“Managing diversity means to manage the various types of matters and employees in the company” (Small Business Bible, 2008, p. 1). HRDs are forced to change the way they attract, staff, and retain a company’s workforce, especially because most baby boomers are now entering retirement. Additionally, more women are now working full-time, up significantly from previous decades. To capitalize on diversity, organizations must embrace the idea of hiring a diverse workforce. Taking advantage of cultural, ethnical, gender and racial differences, and then managing those differences is a task HRM must undertake. Promoting and accepting cultural differences, ensuring involvement in education inside and outside of the organization, and dealing with any resistance to diversification is another aspect of HRM (Noe, Hollenbeck, Gerhert, & Wright, 2007, A Diverse Workforce, para. 2).
Electronic Business (E-Business) is defined as, “any process a business conducts electronically, especially business involving use of the internet (Noe, Hollenbeck, Gerhert, & Wright, 2007, p. 50). E-Business has changed the way companies promote, advertise, market, and communicate not only their products and services, but also the company’s main purpose and focus of doing business. However, HRM faces new challenges because e-business and technology constantly changes, requiring constant training of current employees, and hiring qualified people outside of the company. If training is too extensive, then qualified people in the related field require higher salaries because of the supply and demand aspect of the position. Management must weigh their options carefully when providing and conducting e-business in today’s marketplace.
Ethics is one of the most widely discussed aspects of business because every organization operates under specific principles and morals. What defines ethics is the ability to distinguish right from wrong, and good from bad. In business, organizations must operate in good faith with the goal of helping society and the environment within. HRM faces numerous challenges to safeguard the company’s beliefs while ensuring the employees rights and responsibilities are protected. A current discussion among society is an organizations right to outsource labor to other countries. Companies outsource to save money, increase revenue and shareholder value, and to remain competitive. However, in today’s economic downturn, is it right for United States based companies to outsource labor to overseas countries instead of helping the economy by outsourcing labor to companies residing in the United States? This topic is something currently discussed by legislation, requiring businesses to rethink how they do business, and the decisions management makes.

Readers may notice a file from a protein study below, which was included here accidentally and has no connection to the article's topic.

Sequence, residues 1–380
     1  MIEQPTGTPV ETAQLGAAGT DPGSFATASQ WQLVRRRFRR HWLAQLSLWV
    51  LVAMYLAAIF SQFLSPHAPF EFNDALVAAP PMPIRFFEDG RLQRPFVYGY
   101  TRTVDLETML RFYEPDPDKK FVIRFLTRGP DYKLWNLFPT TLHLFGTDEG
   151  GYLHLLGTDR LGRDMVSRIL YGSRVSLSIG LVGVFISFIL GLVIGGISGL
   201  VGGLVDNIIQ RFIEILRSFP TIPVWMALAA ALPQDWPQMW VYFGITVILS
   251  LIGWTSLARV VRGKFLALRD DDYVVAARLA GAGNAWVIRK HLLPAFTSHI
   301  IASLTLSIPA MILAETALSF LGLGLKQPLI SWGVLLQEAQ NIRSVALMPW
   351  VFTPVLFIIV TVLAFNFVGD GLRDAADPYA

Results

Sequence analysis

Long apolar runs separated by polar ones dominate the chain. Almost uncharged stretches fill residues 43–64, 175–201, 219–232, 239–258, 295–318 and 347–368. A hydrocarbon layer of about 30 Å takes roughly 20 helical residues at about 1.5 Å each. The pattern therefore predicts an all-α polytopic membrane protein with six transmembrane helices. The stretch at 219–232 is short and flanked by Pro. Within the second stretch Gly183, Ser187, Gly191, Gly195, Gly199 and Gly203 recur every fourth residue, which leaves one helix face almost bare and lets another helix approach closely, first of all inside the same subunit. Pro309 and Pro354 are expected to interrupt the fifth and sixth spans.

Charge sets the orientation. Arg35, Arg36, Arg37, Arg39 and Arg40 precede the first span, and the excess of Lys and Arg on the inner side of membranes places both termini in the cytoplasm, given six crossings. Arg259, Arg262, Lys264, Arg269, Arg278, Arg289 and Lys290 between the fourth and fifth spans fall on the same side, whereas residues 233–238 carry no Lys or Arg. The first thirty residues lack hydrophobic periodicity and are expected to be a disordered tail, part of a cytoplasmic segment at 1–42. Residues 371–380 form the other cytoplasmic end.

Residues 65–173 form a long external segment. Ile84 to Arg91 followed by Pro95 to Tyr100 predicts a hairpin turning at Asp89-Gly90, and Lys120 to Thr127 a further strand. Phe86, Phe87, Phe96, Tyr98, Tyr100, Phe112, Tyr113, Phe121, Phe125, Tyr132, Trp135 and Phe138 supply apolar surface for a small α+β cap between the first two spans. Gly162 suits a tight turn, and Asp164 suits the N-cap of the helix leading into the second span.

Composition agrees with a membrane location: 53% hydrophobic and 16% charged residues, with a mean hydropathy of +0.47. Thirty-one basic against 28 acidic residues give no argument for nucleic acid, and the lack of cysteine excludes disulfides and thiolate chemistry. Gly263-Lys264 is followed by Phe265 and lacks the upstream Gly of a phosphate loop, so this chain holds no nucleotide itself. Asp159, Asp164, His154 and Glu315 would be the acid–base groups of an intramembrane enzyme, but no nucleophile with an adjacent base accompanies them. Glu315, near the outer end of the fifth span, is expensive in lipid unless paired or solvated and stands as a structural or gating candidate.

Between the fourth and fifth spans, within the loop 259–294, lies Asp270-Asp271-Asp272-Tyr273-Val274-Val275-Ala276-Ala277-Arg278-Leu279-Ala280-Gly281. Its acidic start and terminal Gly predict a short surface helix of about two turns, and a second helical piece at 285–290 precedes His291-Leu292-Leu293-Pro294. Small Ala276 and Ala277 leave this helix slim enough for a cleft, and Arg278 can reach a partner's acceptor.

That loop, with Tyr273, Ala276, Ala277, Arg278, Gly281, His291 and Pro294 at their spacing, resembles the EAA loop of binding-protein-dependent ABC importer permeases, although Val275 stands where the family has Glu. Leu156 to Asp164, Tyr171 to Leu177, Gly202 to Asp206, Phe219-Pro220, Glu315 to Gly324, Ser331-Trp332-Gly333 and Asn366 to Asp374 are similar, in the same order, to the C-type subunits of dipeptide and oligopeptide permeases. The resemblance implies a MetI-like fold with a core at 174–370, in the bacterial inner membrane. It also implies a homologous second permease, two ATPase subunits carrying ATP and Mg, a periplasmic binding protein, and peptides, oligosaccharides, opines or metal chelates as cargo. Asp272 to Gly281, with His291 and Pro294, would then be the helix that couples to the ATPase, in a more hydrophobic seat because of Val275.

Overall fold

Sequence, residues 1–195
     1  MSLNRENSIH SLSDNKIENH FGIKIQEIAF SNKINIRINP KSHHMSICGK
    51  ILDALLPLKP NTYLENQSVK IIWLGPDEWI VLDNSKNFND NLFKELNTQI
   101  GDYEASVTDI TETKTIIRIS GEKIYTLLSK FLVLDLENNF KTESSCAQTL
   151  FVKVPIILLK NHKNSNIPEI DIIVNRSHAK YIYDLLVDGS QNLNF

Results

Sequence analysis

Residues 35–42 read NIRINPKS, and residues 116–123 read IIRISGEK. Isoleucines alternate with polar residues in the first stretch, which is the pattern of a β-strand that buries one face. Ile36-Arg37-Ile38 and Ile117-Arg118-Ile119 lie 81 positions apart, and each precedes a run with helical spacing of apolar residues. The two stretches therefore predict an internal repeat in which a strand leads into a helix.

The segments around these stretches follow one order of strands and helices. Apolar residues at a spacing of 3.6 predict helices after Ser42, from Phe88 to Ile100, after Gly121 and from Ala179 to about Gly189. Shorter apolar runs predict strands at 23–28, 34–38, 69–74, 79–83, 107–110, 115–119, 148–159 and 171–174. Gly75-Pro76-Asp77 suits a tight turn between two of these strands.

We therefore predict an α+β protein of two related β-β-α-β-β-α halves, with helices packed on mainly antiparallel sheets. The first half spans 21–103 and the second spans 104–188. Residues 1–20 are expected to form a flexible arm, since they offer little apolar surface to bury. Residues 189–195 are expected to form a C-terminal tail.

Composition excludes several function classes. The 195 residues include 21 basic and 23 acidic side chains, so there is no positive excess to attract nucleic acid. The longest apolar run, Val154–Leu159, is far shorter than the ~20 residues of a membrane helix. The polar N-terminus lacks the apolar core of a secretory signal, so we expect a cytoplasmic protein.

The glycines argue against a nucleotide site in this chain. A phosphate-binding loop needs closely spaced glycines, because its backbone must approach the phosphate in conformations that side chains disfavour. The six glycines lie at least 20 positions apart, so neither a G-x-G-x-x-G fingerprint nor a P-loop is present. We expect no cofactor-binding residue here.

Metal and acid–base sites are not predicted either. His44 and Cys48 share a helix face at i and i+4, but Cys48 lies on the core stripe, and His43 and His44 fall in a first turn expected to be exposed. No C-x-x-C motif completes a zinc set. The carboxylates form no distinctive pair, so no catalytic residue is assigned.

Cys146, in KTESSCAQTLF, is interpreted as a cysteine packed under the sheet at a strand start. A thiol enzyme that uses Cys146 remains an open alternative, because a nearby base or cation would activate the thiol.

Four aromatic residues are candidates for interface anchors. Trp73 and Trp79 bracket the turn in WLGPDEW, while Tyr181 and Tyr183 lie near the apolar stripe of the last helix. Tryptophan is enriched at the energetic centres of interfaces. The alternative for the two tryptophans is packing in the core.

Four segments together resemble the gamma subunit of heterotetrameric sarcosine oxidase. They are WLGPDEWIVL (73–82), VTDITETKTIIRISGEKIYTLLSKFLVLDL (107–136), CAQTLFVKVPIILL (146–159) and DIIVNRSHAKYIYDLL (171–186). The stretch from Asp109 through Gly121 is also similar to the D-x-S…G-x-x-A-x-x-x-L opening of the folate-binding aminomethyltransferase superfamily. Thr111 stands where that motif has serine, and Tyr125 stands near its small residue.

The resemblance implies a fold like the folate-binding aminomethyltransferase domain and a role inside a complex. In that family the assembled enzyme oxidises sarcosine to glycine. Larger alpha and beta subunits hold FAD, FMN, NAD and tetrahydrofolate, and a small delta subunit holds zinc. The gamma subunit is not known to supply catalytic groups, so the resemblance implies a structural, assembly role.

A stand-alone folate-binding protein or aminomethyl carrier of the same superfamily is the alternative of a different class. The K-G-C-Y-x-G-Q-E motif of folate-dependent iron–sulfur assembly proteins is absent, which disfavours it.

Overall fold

“The most valuable resources for enhancing competitiveness are human resources” (Goetsch & Davis, 2010, Chapter 2, p. 36). Pulling those resources together and capitalizing on each person’s diversity, experiences, knowledge, and personalities is HRM’s goal. A business’s success relies heavily on management’s ability to group talented individuals, and link their abilities so that a specific goal is met. Without this ability, companies tend to struggle, finding it hard to overcome new obstacles found in a constantly changing environment.
Bloomberg Business Week. (2006). The Future of Outsourcing. Retrieved from http://www.businessweek.com/magazine/content/06_05/b3969401.htm
Goetsch, D. L., & Davis, S. B. (2010). Quality management for organizational excellence: Introduction to total quality (6th ed.). Upper Saddle River, NJ: Prentice Hall. Retrieved from University of Phoenix, MGT449—Quality Management and Productivity Course website.
Noe, R. A., Hollenbeck, J. R., Gerhert, B., & Wright, P. M. (2007). Fundamentals of Human Resource Management. Retrieved from University of Phoenix, MGT431—Human Resources Management Course website.
Small Business Bible. (2008). Human resource management and managing diversity. Retrieved from http://www.smallbusinessbible.org/hr_management_managingdiversity.html
University of Phoenix. (2010). Course Syllabus. Retrieved from University of Phoenix, MGT/431—Human Resources Management Course website.